Many states, including Minnesota, now have regulations against importing or moving deer carcass. But enforcement is sketchy and it's unclear how many hunters are complying.
"Even if you don't have CWD in your area ,you can't think of this as some far-off problem, because that's when it's going to show up your own backyard,'' Thomas said. "If you hunt deer in other states, near CWD areas, if you don't take precautions and follow the rules, you are just as likely to bring it home in a deer carcass as some deer farmer trucking a live deer across state lines."
What we know about CWD
It's a mutant protein
Chronic wasting disease is an always-fatal nervous system disease found in cervids - deer, elk and moose. There is no known cure. It is not a virus or bacteria.
CWD is one of a family of diseases called transmissible spongiform encephalopathies caused when a naturally occurring protein, called a prion, mutates and then resists being broken down by the body the way normal proteins are.
When a deer become infected - from contact with contaminated soil or salvia, blood or feces of an infected animals - the bad prions multiply and damage the animal's nervous system. It can take up to two years for the symptoms to show.
It's spreading faster
In just 50 years, it's spread from a single known location, a wildlife research station in Colorado, to 25 states, two Canadian provinces, North Korea, Norway and Finland.
In Minnesota, CWD has been confirmed in wild deer in three southeastern counties: Houston, Olmstead and Filmore. It has been confirmed in deer on deer farms in Aitkin, Meeker, Crow Wing, Stearns, Lac Qui Parle, Olmstead and Winona counties.
In Wisconsin, 55 counties are labeled as CWD-impacted. Of those, 25 have had confirmed CWD in wild deer and 16 are within 10 miles of a wild CWD-positive deer. Another 14 counties have had CWD-positive deer in deer farms or are within 10 miles of those farms.
It's been found, but hasn't spread, in Northland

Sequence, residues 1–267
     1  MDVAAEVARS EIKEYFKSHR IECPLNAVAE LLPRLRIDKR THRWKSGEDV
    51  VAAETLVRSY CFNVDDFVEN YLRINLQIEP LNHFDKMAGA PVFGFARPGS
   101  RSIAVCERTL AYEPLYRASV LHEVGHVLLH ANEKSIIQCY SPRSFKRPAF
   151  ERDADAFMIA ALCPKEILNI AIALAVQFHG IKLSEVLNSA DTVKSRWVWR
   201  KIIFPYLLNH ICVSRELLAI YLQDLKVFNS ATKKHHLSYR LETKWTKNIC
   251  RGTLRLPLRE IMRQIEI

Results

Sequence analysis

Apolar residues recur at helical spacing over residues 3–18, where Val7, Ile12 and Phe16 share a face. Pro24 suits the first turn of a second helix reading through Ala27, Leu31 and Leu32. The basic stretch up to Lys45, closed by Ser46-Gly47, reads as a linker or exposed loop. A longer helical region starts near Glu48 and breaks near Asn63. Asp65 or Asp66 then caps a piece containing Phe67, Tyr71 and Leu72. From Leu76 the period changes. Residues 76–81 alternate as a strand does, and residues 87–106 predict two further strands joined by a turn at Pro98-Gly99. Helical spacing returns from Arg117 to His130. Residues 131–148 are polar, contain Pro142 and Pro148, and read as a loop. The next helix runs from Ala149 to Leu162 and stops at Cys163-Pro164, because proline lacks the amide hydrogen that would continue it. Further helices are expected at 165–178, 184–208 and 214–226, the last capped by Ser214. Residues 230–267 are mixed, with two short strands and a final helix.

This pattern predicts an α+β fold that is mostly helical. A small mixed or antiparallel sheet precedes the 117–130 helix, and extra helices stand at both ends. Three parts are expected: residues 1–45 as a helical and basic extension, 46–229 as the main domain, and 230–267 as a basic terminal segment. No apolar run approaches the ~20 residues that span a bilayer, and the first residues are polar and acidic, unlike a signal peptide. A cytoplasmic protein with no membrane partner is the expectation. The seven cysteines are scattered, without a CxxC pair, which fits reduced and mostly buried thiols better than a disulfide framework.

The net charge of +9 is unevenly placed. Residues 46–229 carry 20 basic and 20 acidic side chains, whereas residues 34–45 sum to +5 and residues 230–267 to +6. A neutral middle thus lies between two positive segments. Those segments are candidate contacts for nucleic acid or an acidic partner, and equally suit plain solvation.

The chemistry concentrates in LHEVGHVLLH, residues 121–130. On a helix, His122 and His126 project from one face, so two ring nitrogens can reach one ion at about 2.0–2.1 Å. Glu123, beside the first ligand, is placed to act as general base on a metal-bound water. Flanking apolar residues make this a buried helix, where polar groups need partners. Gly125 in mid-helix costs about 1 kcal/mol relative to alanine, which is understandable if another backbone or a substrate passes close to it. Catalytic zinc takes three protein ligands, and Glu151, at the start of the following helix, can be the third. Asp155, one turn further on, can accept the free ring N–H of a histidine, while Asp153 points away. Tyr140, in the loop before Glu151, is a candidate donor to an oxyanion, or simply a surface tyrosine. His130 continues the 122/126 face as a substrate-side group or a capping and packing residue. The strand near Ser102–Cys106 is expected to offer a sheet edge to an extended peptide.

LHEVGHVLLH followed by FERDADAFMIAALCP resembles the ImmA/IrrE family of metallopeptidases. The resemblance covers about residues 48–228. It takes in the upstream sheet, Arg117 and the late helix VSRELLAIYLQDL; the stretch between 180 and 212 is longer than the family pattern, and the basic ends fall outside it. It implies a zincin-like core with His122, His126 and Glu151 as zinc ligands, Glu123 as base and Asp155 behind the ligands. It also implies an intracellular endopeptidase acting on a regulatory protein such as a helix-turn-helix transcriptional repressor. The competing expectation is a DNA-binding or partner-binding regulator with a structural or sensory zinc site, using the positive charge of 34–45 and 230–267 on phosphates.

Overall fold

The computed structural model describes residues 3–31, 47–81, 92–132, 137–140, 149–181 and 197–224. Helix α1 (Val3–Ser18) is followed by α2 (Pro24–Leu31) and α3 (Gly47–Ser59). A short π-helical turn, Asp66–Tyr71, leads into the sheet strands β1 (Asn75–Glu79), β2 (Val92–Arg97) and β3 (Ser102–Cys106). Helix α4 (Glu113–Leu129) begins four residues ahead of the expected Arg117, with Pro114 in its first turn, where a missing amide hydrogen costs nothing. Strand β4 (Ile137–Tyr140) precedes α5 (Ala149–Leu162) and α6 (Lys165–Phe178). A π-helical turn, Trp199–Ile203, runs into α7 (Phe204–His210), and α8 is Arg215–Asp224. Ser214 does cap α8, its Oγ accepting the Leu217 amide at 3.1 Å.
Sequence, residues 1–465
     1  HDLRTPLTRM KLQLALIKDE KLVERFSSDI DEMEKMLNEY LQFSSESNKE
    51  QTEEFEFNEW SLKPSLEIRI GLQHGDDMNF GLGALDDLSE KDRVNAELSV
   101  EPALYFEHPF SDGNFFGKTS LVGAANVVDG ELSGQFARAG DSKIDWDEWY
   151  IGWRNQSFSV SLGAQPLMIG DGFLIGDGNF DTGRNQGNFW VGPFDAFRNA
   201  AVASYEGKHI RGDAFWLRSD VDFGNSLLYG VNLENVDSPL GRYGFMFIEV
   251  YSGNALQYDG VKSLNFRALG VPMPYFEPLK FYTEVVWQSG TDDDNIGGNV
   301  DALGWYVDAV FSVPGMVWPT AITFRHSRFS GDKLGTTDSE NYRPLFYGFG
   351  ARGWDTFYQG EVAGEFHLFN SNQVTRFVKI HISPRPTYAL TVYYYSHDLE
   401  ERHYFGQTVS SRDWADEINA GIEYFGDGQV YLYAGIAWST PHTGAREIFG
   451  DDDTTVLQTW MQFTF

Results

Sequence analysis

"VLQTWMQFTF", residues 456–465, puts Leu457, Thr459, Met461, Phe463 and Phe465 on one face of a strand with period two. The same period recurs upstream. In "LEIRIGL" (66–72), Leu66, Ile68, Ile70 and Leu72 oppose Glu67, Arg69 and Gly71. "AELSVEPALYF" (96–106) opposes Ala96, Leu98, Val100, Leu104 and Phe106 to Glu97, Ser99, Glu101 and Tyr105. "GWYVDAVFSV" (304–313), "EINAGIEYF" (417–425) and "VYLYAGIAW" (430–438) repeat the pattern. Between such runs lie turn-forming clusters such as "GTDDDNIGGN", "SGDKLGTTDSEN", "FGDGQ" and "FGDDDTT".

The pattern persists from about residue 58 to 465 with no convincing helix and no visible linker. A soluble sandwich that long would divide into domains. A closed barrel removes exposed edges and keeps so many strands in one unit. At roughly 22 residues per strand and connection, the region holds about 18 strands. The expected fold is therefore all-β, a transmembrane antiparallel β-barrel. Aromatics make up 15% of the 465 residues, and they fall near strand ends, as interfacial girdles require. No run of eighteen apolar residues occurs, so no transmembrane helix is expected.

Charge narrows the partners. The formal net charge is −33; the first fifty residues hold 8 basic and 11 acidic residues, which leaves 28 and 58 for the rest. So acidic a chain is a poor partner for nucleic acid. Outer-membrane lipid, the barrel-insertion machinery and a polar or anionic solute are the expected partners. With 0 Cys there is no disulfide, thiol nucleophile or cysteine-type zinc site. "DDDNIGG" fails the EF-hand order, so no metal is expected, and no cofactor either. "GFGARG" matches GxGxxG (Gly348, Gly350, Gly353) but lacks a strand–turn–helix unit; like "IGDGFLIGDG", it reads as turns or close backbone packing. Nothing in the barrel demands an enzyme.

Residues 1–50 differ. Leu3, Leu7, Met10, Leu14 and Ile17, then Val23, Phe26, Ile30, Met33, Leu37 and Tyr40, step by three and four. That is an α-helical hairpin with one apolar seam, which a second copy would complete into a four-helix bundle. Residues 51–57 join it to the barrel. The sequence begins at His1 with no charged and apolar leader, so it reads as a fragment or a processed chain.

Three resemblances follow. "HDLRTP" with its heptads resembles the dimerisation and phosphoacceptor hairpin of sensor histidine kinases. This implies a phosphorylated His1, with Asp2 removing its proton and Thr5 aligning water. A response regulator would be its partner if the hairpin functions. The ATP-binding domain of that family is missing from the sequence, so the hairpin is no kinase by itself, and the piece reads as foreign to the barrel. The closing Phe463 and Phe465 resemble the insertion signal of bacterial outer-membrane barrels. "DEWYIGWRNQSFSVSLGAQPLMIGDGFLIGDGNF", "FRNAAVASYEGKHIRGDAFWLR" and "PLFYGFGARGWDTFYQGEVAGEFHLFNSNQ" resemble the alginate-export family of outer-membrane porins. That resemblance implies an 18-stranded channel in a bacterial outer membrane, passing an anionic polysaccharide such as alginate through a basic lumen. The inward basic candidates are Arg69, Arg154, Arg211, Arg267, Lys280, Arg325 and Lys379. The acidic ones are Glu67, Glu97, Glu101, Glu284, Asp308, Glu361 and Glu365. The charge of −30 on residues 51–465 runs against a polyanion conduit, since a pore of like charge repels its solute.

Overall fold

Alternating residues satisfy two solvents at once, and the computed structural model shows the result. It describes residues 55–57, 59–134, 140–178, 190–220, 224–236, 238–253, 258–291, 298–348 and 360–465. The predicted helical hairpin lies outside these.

There have been two CWD cases in the Northand. One was a wild deer shot near Siren, Wis., in Washburn County, about 70 miles south of Superior, in 2012. So far, no other deer have tested positive in that area. That case is curious because the sickly deer was more than 100 miles away from the nearest CWD-positive location.
The other was an elk at an Aitkin County. Minn. deer farm in 2002. That was Minnesota's first-ever positive CWD hit and no wild deer in the area have tested positive since then.
It's similar to mad cow, Creutzfeldt-Jakob diseases
Creutzfeldt-Jakob is a rare but always fatal human brain disease. It is related to the form of mad cow disease that infected people, primarily in Great Britain, in the late 1990s and early 2000s, after they ate beef from infected cows. (Human mad cow disease is known as variant-Creutzfeldt-Jakob.) Both diseases attack the brain, and death usually occurs within a year.
Mad cow disease first occurred in cattle after they were given feed and bone meal from sheep, including some that had been infected with another prion disease called scrapie. Mad cow eventually changed to a strain of prions in cattle that could infect humans. It killed more than 200 people worldwide and 4.5 million cattle were euthanized.
The outbreak was traced to farmers chopping up unwanted cow parts and feeding them to other cows, spreading the infectious agent from cow to cow and eventually to humans. The FDA largely banned this practice in 1997.
It's spread to macaque monkeys, our closest relative
Health and especially wildlife officials have tried to stress that CWD is only a cervid, or deer family disease. They had been quick to note that, unlike mad cow disease, CWD had not jumped species. Only now it has.
A study in Canada led by a prion researcher with the Canadian Food Inspection Agency found that macaque monkeys had contracted chronic wasting disease after being fed meat from deer that tested positive for CWD.
Its potential impact on people is unknown
"To date, there is no strong evidence for the occurrence of CWD in people, and it is not known if people can get infected with CWD prions,'' the Centers for Disease Control and Prevention notes in their CWD advice. "Nevertheless, these experimental studies (with monkeys) raise the concern that CWD may pose a risk to people and suggest that it is important to prevent human exposures to CWD."
Studies continue to look at whether people who have contract with potentially CWD-infected meat are at increased risk for CWD-like diseases, the CDC notes, but, "because of the long time it takes before any symptoms of disease appear, scientists expect the study to take many years before they will determine what the risk, if any, of CWD is to people."
It can decimate wild deer herds
In September 2016, the scientific journal PLOS ONE published research the University of Wyoming that found a 10 percent annual reduction in a white tail population in parts of Wyoming. If that rate of decline continues, localized extinction will occur in less than 50 years.